Celebrate National Native American Heritage Month
To understand the importance of National Native American Heritage Month, you might start with discovering the whereabouts of Turtle Island.
Here’s a hint: Chances are, it’s beneath your feet.
For some indigenous peoples, including the Ojibwe of Southern Canada and the Northwestern United States, Turtle Island is planet earth; its name stretches back to the Great Flood accounts in their Creation stories. For others such as the Iroquois of Central Canada and the Northern United States, Turtle Island is North America.
In all references, Turtle Island is home, a place where for thousands of years indigenous people lived and subsisted and flourished well before Europeans came and all but decimated entire peoples via diseases, hostile land takeovers, forced displacement, oppressive systems and lopsided treaties.
National Native American Heritage Month, which was approved in a joint resolution by President George H.W. Bush in 1990, is an opportunity to learn about indigenous people and uplift indigenous history, cultures and ways of life that to this day scarcely make it into history books.
At United Way of King County, we always acknowledge the presence of those who came before us, focusing on the area of Turtle Island that we now occupy. On our website and in our meetings, we acknowledge that we work on the unceded traditional land of the Coast Salish Peoples – particularly the first people of Seattle, the Duwamish Tribe. The Duwamish were the original stewards of the land, and we honor both the land and the Duwamish Tribe.
Among those who led the Duwamish were Chief Si’ahl, the person for whom Seattle is named. According to the Duwamish Tribe website, Chief Si’ahl (1780-1866) was said to have been born in his mother’s village of Stukw on the Black River – the area which is now the City of Kent. He lived during the first arrival of Europeans who brought new diseases (such as smallpox, measles and influenza) that ultimately killed about 30 percent of the area’s indigenous population.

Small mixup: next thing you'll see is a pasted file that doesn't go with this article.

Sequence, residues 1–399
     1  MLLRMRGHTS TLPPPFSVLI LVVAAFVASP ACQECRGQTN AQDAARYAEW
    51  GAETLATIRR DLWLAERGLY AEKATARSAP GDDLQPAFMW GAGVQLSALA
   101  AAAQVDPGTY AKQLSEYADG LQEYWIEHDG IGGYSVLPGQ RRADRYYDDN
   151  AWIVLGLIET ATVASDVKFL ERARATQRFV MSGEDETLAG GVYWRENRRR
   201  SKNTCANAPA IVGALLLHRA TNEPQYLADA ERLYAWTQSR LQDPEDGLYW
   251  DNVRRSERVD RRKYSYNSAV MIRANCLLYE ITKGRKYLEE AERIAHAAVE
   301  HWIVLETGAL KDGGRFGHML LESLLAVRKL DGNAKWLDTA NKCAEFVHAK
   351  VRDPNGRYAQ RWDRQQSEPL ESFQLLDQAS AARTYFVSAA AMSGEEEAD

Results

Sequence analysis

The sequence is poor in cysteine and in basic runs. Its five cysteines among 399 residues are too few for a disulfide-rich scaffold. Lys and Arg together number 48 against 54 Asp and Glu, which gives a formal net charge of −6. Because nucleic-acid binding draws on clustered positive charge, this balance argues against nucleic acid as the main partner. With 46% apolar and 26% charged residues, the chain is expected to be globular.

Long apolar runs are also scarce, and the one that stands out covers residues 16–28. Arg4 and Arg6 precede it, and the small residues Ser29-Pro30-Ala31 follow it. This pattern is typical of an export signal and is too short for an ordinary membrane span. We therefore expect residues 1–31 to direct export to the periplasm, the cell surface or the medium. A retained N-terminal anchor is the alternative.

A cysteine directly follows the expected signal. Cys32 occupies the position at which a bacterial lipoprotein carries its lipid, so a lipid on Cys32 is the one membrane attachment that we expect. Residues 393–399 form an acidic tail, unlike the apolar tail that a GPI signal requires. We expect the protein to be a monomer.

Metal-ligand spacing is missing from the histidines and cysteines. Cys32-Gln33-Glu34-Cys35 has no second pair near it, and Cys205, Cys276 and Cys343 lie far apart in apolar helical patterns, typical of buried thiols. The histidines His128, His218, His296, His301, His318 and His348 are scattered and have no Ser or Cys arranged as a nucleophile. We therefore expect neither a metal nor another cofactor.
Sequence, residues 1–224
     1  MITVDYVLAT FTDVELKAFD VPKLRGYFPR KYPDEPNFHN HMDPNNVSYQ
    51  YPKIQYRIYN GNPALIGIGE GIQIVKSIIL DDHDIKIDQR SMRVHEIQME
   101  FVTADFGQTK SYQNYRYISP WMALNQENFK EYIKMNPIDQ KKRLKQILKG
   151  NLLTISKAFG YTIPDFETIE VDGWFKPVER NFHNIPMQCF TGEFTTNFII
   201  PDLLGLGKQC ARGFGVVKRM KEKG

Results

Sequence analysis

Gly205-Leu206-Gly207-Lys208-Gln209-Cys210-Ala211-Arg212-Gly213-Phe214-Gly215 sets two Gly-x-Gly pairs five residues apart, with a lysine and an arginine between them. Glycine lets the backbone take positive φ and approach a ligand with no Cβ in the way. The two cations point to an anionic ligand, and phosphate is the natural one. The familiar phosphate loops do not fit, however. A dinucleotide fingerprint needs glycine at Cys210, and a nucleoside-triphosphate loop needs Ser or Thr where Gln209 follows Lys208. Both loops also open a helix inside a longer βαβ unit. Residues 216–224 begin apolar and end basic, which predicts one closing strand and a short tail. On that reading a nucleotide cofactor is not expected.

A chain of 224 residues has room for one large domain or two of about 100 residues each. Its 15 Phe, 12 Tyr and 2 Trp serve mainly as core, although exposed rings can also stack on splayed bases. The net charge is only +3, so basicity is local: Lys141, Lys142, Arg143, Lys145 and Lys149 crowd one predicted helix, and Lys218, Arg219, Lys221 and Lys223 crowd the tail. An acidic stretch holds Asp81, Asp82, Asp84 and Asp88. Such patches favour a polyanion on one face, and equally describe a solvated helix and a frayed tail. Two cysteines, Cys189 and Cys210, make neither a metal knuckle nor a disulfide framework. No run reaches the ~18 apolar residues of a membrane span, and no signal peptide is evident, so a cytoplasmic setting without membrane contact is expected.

Chief Si’ahl and other Duwamish also greeted the first European American immigrants when the latter arrived at Alki Point in what is now West Seattle, according to the Duwamish site. Chief Si’ahl was also one of the signers of the 1855 Treaty of Port Elliott, which according to the Duwamish site created a “government-to-government relationship” between the United States and the Duwamish, guaranteeing hunting and fishing rights and reservations to all tribes that signed the treaty. In return, the Duwamish exchanged 54,000 acres of homeland, including the area comprising much of King County.
The treaty was violated by the European immigrants almost immediately, and some of its tenets have not been honored to this day. Duwamish, who continue to fight for federal recognition as a tribe, have identified and are protecting an area in West Seattle along the Duwamish River that once was a major village dating back to 600 A.D.
United Way believes that any acknowledgement becomes meaningful only when combined with accountable relationships and informed actions that act as a first step in honor the land on which we exist, and its people. United Way has established a $1 million Indigenous Fund, which supports the four founding organizations of the Coalition to End Urban Indigenous Homelessness: Chief Seattle Club, United Indians of All Tribes Foundation, Seattle Indian Health Board and Mother Nation.
As National Native American Heritage Month begins, United Way encourages you to learn more about indigenous people and cultures in the City of Seattle, King County and Washington state. Then share that knowledge with others so that Native American heritage can be uplifted not only in November but year-round. It might give you a better understanding and appreciation for Turtle Island.